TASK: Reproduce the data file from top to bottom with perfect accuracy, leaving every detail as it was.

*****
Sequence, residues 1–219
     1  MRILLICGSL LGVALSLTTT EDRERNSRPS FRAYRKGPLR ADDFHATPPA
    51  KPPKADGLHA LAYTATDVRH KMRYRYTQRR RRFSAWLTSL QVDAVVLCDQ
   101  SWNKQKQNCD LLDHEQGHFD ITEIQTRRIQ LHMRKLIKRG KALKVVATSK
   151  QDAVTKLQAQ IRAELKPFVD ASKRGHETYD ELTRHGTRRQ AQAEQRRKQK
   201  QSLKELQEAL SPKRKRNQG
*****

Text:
Sequence, residues 1–219
     1  MRILLICGSL LGVALSLTTT EDRERNSRPS FRAYRKGPLR ADDFHATPPA
    51  KPPKADGLHA LAYTATDVRH KMRYRYTQRR RRFSAWLTSL QVDAVVLCDQ
   101  SWNKQKQNCD LLDHEQGHFD ITEIQTRRIQ LHMRKLIKRG KALKVVATSK
   151  QDAVTKLQAQ IRAELKPFVD ASKRGHETYD ELTRHGTRRQ AQAEQRRKQK
   201  QSLKELQEAL SPKRKRNQG